I’m looking for advice or suggestions in regards to a couple freelance projects I am doing on the side right now. The projects have a very limited time/budget so we are attempting to move from rough sketches to a presentable “proof-of-principle” CAD model. It’s work that is being passed to me, so I have little information on the final uses of my work, sadly.
I feel like I have asked for their input, some inspiration-type images, and stressed that it’s not reasonable to jump too quickly through the process. The budget can’t really change. Now I believe the best I can do is to literally “do my best” given the information I have. I’d want the work, but I’m fearful that the final results could be sub-par. Thanks!
Feel free to explain to them the simple rules of design.
You could provide the inspiration and ask for feedback?
I don’t know what area of design you work in, but as I’m a footwear designer, I tend to make either mood boards or a research report (of relevant competitor product) , sometimes both and submit this for feedback. It creates a starting point so that I know their taste and needs before I start designing.
I love the graph Hoodzy. Shoe- this is for a consumer product… Thanks for thoughts. I think even if I create a 1-page/presentation suggestion for form inspiration that could help.
Creating the solid brief is a big part of a design job. If that wasn’t done in your part I don’t know if it’s fair to blame the client. I won’t take on a job that doesn’t have a well thought out scope or planning stage in the budget to avoid exactly the issue you mention.
It is a good lesson to learn. There are different types of projects, and that difference varies the scope, timing, and price.
Some projects are very clear cut, or can be made that way with some upfront alignment before the kickoff. Those are easy to to scope.
Other projects are more like adventures with more nebulous goals and a foggy path to success. Sometimes that is caused by the problem itself (ie, what is the future of the kitchen?), sometimes it is caused by a client who needs more understanding of the process. Either way, it is on us to scope that accordingly as it will take much more time.
@R- Thanks for feedback! I do partially blame my direct client (a small engineering group), not the individual client funding the project. I have had a couple of projects from this group- thankfully, and I’ve made it a point to say that direct contact with the individual and upfront research is critical. They have accommodated my requests slightly- once asking for research, another time allowing me to speak with the client (after a couple rounds of concepts in which the client still wasn’t giving constructive feedback). After I could work directly with the client things went smoothly, even though the concepts weren’t dramatically changed from the original presentation.
The engineering group decides the allotted hours/pay based on my costs. I have willingly given them more hours than allotted, because I appreciate their business and think it’s been necessary for the project. I’ve been clear with them and they know they are getting more of my time/work than allotted. Based on the feedback here I’m realizing that maybe the extra time I’m spending needs to go into some amount of upfront research (even if they don’t ask). It seems like it’s on me to continuously suggest the time/tools I need to effectively do the job. And I should try to become more efficient.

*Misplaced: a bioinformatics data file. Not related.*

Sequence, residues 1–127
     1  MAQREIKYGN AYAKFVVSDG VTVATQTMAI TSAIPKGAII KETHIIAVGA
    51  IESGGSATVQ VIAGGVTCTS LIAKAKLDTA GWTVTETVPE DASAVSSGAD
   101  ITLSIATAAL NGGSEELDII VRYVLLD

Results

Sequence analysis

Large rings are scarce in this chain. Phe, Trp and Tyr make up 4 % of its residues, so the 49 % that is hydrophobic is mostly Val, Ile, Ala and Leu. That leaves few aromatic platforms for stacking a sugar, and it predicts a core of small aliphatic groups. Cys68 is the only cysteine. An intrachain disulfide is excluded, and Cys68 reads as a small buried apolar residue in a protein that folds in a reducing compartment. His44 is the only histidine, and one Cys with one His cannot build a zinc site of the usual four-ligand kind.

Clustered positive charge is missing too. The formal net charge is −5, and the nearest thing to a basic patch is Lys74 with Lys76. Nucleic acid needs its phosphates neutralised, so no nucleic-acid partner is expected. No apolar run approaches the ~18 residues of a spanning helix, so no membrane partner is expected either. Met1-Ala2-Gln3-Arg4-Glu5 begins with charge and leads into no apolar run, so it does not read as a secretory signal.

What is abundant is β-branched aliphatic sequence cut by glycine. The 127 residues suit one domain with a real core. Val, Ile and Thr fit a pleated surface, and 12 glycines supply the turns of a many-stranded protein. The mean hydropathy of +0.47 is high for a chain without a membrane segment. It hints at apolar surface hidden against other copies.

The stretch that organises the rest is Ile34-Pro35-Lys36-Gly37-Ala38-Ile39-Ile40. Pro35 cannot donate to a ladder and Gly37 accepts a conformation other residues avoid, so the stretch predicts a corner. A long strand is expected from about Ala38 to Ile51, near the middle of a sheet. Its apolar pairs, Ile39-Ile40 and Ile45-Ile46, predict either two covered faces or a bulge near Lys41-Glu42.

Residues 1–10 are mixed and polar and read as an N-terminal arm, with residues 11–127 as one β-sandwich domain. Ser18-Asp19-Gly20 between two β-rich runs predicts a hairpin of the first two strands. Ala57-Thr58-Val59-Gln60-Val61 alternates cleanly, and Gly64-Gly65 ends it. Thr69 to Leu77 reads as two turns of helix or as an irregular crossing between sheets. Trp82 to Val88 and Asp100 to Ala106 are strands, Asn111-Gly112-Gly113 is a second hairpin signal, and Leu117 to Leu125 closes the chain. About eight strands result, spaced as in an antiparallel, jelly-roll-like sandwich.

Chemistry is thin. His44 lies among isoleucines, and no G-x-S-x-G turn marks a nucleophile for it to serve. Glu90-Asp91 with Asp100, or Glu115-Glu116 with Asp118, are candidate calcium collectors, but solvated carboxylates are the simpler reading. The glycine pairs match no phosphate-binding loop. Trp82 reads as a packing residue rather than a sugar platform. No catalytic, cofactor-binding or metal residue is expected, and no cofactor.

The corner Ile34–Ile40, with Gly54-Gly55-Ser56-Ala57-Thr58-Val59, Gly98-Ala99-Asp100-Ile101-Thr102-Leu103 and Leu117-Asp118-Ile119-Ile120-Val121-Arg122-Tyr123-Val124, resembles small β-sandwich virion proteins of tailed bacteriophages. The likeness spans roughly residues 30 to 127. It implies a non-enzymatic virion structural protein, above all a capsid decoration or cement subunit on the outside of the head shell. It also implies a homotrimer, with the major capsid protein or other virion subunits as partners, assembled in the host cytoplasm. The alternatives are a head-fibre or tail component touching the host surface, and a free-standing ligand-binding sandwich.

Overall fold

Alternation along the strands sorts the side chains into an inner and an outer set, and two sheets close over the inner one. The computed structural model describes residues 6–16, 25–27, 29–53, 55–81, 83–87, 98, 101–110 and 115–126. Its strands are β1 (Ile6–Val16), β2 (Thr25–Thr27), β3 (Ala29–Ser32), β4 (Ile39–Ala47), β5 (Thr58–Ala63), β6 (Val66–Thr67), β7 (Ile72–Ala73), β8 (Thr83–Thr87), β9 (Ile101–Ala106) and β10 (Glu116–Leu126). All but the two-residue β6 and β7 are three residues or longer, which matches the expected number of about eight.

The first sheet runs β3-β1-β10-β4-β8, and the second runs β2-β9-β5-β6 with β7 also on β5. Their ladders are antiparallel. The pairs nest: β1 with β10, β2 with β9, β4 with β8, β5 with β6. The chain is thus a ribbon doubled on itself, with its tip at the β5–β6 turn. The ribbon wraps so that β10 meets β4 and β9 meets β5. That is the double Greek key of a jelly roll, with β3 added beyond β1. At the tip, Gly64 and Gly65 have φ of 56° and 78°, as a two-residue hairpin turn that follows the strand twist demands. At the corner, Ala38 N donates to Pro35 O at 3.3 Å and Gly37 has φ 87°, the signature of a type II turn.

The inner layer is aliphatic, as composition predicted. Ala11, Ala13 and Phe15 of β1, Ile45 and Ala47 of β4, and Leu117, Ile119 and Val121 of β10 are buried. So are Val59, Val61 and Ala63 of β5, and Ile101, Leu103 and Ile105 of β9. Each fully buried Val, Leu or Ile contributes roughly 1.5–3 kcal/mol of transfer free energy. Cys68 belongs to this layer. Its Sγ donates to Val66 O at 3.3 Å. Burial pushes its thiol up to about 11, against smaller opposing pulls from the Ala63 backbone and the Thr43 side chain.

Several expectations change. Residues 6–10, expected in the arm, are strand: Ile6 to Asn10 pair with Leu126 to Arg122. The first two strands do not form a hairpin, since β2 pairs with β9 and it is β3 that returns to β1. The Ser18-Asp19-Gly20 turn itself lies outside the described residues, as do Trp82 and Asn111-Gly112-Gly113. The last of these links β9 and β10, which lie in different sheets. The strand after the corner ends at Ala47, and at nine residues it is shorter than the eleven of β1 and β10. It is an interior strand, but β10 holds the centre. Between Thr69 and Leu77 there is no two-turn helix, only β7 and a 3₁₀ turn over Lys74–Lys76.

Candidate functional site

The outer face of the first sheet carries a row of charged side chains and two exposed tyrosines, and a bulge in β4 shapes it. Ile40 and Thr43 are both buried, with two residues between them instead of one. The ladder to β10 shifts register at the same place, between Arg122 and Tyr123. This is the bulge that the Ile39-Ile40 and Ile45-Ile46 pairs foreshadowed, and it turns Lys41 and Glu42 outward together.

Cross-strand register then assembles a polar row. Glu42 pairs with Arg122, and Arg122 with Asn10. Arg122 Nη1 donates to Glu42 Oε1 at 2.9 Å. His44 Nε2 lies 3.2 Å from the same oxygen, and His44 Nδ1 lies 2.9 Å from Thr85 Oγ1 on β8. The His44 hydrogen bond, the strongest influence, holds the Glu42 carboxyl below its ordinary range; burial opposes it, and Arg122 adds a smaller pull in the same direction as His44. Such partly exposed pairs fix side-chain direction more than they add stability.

I’ve thought about not accepting the project if they don’t provide appropriate time/pay. Being a new and potentially valuable place to get projects from, I just can’t do that yet. I’m a junior-mid level designer trying to gain experience. The group has been very happy with the work I’ve given them, and that’s the most important thing to me right now. I understand (but don’t agree with) some compromise to ID’s role, but even this is pinching what I can accept for good quality work.
@yo- it is a good lesson, and I think the group I’m working for is learning what I need as a designer as well. My suggestions have been beneficial to the projects. Thanks for your input!
some clients need lots of ‘steering’ in order to gain the feedback you need, think of ways you can make it easier for them to give you the answers you need.
The good news is that they are happy with what you’re providing and it’s being used. But it sounds like they don’t fully understand what you’re providing them and are therefor not able to evaluate what you are providing them. For that matter they are probably not able to ‘protect’ it as it goes further up the chair or towards manufacture either. Both things will lead to dissatisfaction and frustration on your part.
If -say- a women’s fashion designer were asking me for feedback on their designs, I’d be quite stumped too -not my area of expertise. Even with features being explained to me, I would still be rather in the dark. E.G. “…this collar shape makes the woman feel more in control…” etc.
I would be more able to provide critical feedback if the designer would provide some other frames of reference for me -what alternatives he/she did NOT do and for what reasons. “… lower cut collars create an comfort feel, or this double-hemmed collar would attract attention to the ears -but these are not what our target market is looking for”. Knowing that we do not want to attract attention to their ears (!) I would now be more confident about the choice of design and more able to ‘sell’ it to others and protect that element through manufacture compromises.
Hope that helps, more than it confuses…